My review of Baroness by Susan May Warren

About the book:

What could they possibly want when they already have everything? Two daughters of fortune have been handed all the makings for storybook happily-ever-afters. The only problem is, they don’t want to live fairy-tale lives. But when forced to decide, will they really be able to abandon lives of ease and luxury for the love and adventure that beckons? Coming of age in the turbulent Roaring Twenties, each woman sets out to find romance on her own terms. But at what cost will she find her happy ending?

My review:

I adored Heiress, and as a result it made my top fiction list for 2011. But I absolutely loved Baroness, so you know it will make my 2012 top fiction list. In my opinion, this story was fantastic because it was so insightful regarding the human heart. The themes were deep, and the characters were so three dimensional, that I couldn’t help getting choked up a few times. I cared about the characters and the hard lessons they learned. Who doesn’t want to believe that real love can change a person for the good? We’re all attracted to danger at some point, and I loved how the author showed why these young women felt unfulfilled and rebellious. It was because of unmet needs in childhood, which wasn’t something that they could be protected from no matter how much their parents loved them. Life hurts, and wounded people run from emotional pain. That was brilliantly shown in this book.

The themes in this novel of both physical and spiritual adoption was beautiful, and the lesson about love and commitment going hand in hand was touching as well. There is no worse feeling than deep regret, and when I read stories with this theme, emotion tugs at my heartstrings every time. Forgiving one’s self is one of the hardest lessons to learn. So is tasting real love, suffering as the result of poor choices, having the past rear up to bite you when you least expect it, and ultimately watching it destroy innocent people in the end. But when a person sacrifices their own life for someone else’s because of a deep, abiding love for them, it always moves me to tears.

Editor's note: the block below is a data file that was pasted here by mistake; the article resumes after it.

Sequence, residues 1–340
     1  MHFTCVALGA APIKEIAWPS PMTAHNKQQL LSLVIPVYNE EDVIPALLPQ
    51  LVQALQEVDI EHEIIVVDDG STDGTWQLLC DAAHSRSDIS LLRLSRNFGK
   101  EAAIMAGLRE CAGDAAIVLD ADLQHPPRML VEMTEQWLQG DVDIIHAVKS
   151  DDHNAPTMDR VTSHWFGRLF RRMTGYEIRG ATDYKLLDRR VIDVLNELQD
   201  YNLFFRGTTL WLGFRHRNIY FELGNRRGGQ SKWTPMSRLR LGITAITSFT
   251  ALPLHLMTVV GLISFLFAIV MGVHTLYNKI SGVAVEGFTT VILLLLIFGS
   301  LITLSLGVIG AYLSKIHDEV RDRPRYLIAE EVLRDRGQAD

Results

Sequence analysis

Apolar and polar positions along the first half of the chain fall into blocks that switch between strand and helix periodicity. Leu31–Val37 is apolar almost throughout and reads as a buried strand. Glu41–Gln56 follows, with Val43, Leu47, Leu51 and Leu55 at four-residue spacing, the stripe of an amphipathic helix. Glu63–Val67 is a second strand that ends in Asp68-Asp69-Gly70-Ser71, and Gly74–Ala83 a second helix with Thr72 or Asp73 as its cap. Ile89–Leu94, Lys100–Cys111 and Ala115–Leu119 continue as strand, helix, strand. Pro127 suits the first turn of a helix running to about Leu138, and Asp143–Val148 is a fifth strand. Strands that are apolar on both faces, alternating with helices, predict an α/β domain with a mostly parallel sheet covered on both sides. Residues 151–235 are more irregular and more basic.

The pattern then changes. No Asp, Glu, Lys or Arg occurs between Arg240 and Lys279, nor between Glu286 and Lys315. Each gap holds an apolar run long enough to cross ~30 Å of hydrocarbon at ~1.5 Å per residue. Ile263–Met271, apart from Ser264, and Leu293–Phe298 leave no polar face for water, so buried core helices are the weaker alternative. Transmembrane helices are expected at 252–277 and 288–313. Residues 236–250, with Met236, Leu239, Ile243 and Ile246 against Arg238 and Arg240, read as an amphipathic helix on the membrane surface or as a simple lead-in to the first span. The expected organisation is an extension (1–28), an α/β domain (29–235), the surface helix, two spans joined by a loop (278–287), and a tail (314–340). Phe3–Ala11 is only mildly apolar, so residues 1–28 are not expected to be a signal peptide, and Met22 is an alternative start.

There was something very Christ-like about Guthrie that I couldn’t help being moved by, and I believe there a little bit of Rosie in all of us; yet because of His deep and unrelenting love, Christ died for us anyway. I loved how this story illuminates universal truths about people, and I appreciated how the author wove a thread of faith through the entire story, and did it so seamlessly. It really pulled everything together. Not to mention that every detail in this story made me feel like I was living in the Roaring 20s… from the clothing, the clubs, and the culture, to the way people interacted with each other. Did I mention the pulse-pounding kisses? Prepare to get breathless a few times and forget that you’re reading fiction. I love stories that make me feel like I’m somewhere else.

Real life doesn’t always have a happy ending, and the conclusion of this story was bittersweet, but that was what made the last few chapters so emotional for me. Healing takes time. The pacing of this story felt like real life. God is with us even when we don’t see Him or feel His presence. I love that Rosie is still learning how to deal with her deep scars from childhood, and how you can see that God is pursuing her despite her determination to run from the pain. It gives me chills just thinking about the potential the author has for this character to learn some important lessons in the future. Bottom line, I love historical fiction, and truth be told, Susan May Warren is a master at crafting it. I can’t wait for the next book.

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